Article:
In field experiences and student teaching courses, students will be provided with direct supervision and exchange of ideas and strategies for curriculum and instruction. In the field placements, it is expected that students will observe, evaluate, and tutor-teach to the degree appropriate to his/her level(s) of competence. Student teachers will develop and provide opportunities or interactions between Deaf and hearing students through social and cultural activities such as ASL Club and theatrical productions. Supervision will be provided regularly by the Program Director and/or a supervisor, as well as by master cooperating teachers who are carefully chosen on the basis of the quality of instruction they provide, their awareness and sensitivity to the competencies to be acquired by our students, and of their commitment to teacher preparation. The supervisor of student teaching will observe students in their student teaching for a minimum of three times per semester and discuss with the student teacher and the cooperating teacher on teaching techniques, assessment procedures, and development of materials and resources. The cooperating teacher will also provide daily feedbacks and support of the student teacher in their teaching.

These experiences in adopting the role of teacher-as-researcher/learner and completing their culminating research projects will be discussed in weekly on-campus seminars designed for student exchanges, program review, and problem solving related to actual instructional experiences. Students doing field experiences and student teaching will incorporate knowledge and skills in ASL and Deaf community and culture and pedagogy obtained from courses in the program. The notions associated with teacher-as-researcher/learner notions and methodologies are infused into the curriculum of field experiences and student teaching.

Proficiency in ASL at the Advanced Level is required before commencing student teaching and before graduation; students need to bring documentation such as Sign Language Proficiency Interview (SLPI) and American Sign Language Proficiency Interview (ASLPI). Students who are not proficient in ASL at this level as measured by nationally-recognized assessments may need to take additional conversational ASL courses.

Child and substance abuse seminars

Students of the program will be prepared to instruct secondary students demonstrating a wide range of cognitive, social, and academic abilities. This involves respect for the secondary students, attuned to their health and well-being, away from violence and substance abuse. The students will take the seminars on child abuse, violence, and substance abuse. The Office of Teacher Education offers seminars in every semester on child abuse, violence, and substance abuse. Students are advised to contact the Office of Teacher Education for information on registering for the seminars.

M.A. Thesis

In addition, the students will need to identify pertinent issues of ASL teaching and/or Deaf studies, embark on a review of literature, formulate research questions and hypotheses, conduct data collection and analysis, and prepare an M.A. Thesis. The topics will be decided upon jointly by the student, the Program Director, and the Program Coordinator, with input from the master cooperating teacher, and should arise out of some classroom concern. Student instructional experiences in adopting the role of teacher-as-researcher/learner and completing their culminating research projects will be discussed in weekly on-campus seminars designed for student exchanges, program review and problem solving. Students will learn about the notion of teacher-as-learner/researcher in HBSE 4077 Teacher-as-researcher. The Master's research project will be completed during the final student teaching placement. It is intended that the quality of the paper will be such that efforts will be made to submit it for publication in such journals as Sign Language Studies and Sign Language and Linguistics.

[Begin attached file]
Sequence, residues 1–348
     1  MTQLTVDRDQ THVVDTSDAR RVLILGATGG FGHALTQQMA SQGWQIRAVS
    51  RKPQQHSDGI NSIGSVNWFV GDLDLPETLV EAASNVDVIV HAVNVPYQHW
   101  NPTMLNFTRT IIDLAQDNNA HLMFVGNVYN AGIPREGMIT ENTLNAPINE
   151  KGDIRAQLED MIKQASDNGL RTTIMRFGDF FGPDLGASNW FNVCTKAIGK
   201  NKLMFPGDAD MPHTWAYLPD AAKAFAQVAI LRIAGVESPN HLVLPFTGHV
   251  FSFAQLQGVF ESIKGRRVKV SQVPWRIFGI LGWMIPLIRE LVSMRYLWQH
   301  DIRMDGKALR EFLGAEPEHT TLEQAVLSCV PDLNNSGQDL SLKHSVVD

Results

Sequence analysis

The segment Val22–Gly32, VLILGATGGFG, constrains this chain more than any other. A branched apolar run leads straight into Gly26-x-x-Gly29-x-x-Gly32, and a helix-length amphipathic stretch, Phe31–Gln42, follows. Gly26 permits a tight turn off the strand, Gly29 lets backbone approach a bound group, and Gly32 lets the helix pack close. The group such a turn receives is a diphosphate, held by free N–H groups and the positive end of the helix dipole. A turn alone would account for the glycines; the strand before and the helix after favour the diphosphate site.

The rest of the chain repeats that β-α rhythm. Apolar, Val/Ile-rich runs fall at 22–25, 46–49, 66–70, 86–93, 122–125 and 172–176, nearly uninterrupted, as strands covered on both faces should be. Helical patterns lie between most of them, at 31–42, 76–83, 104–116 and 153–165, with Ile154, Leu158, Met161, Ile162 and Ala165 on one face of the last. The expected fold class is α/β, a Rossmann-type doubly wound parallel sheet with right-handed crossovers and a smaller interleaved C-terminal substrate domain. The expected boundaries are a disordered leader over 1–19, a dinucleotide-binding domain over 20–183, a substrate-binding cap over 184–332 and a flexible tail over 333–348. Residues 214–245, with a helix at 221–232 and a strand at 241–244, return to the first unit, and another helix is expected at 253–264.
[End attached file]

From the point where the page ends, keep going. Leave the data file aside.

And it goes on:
In addition to course work and the research project, students will be expected to have direct experience with and an understanding of the cultural and ethnic diversity of the Deaf population within the local community. Experiences in Deaf community are available for the students to acquire ASL skills as well as cultural knowledge about Deaf people, their community and culture. Internships, field projects, and courses in conversational ASL are some of the opportunities that add to the flexibility of ASL language study at Teachers College. Activities such as weekend workshops, visiting lectures, and special mini-courses of two to eight weeks duration will be listed in semester bulletins; they provide a variety of special topics and skills for ASL language majors and teachers in the field. The following ASL literary societies hold their meetings, readings, and special events at Teachers College, enriching the cultural experience of ASL majors: American Sign Language Teachers Association, New York Deaf Theatre, New York City Civic Association of the Deaf, Black Deaf Advocates, and various social clubs such as Brooklyn Society for the Deaf and Queens Club for the Deaf.

In summary, students will obtain a firm foundation in linguistics and applied linguistics; anthropology; social and cognitive psychology; second language acquisition, instructional design, curriculum development, and assessment; and research methodology as appropriate to the notion of teacher-as-researcher/learner, among other skills and knowledge as they pertain to the language, community, and culture of persons who are Deaf and hard of hearing. They will become professionals who approach the profession of ASL teaching in a highly scholarly manner and the teaching of ASL as a contextualized, investigatory, cultural, and problem-solving event with learners who have a wide range of cognitive, social, and academic abilities. They will be able to function in the educational agencies within the immediate locality as well as throughout New York State and the nation.